What Is Data Management?

Dan Stephen

Director of Partnerships

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5 -minute Read,

Posted on January 25, 2021

Maximize the value of your company’s data with a streamlined approach to collecting, naming, storing, and leveraging data.

If someone told you that up to three-quarters of your company’s data was going unused, you might not believe them. But, as the data shows, it’s true. A considerable number of companies let the majority of their data points go to waste through poor or nonexistent data management.

Data is the driver of your company’s operations and decision-making and is essential throughout the product development lifecycle. Data management—the capable collection, storage, and organization of data—is fundamental for getting the maximum amount of value possible out of your customer data. Effective data management is what ensures that when data is ported from a customer data platform (CDP) into a product analytics tool, that data is clean and accurate. Data management also includes fixing mistakes in the data and designing a taxonomy to keep naming conventions consistent. 

As companies advance in their data management practices, they develop more mature workflows to get data into a product analytics tool and make it accessible for multiple stakeholders. These workflows include fixing mistakes, planning data collection in advance, and setting up approval processes to make sure only the correct data is imported into an analytics tool.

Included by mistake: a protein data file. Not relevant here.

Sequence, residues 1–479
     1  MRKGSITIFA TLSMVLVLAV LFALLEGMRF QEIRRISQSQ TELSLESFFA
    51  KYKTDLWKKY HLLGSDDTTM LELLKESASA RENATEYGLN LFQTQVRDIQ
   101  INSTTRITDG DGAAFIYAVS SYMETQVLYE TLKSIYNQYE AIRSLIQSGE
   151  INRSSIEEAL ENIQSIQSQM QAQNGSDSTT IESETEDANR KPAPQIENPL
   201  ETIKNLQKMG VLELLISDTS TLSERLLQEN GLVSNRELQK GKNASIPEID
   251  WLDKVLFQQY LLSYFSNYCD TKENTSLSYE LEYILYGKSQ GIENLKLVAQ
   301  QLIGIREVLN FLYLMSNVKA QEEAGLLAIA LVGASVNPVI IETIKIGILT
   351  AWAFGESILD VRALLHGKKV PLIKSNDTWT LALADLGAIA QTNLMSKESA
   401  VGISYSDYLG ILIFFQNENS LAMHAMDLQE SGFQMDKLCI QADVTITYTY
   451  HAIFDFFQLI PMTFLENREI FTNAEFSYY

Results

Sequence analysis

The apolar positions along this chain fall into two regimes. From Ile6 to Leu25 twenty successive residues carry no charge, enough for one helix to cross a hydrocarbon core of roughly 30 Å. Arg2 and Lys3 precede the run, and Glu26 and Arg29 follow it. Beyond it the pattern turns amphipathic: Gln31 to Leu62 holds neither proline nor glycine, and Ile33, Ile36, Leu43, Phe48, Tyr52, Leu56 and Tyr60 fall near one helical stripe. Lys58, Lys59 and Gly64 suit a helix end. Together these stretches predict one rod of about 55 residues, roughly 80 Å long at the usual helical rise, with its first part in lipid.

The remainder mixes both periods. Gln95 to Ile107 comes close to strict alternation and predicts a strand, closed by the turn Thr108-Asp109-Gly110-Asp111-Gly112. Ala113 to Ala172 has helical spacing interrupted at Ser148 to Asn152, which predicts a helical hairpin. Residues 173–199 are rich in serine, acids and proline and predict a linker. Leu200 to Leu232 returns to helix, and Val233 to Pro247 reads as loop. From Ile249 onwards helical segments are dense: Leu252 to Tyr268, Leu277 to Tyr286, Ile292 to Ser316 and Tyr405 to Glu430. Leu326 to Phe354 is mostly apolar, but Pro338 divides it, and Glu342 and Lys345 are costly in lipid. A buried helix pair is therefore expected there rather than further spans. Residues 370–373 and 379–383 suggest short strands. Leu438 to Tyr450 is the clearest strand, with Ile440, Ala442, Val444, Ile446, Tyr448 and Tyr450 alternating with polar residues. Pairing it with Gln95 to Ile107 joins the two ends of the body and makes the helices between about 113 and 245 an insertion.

What is Data Management?

Data management involves the collection, storage and organization of data. Effective data management makes sure that a wide variety of stakeholders at your company—not just the team writing SQL queries—can access, understand, and analyze data. In the context of product analytics, data management includes:

  • Collection: Data will be coming in from various data sources. Data management involves making sure the data is clean, complete, and not subject to any compromise.
  • Fixing Existing Mistakes: When dealing with large volumes of data, mistakes are nearly inevitable. Data management involves retroactively fixing mistakes in how data was named, organized, or collected.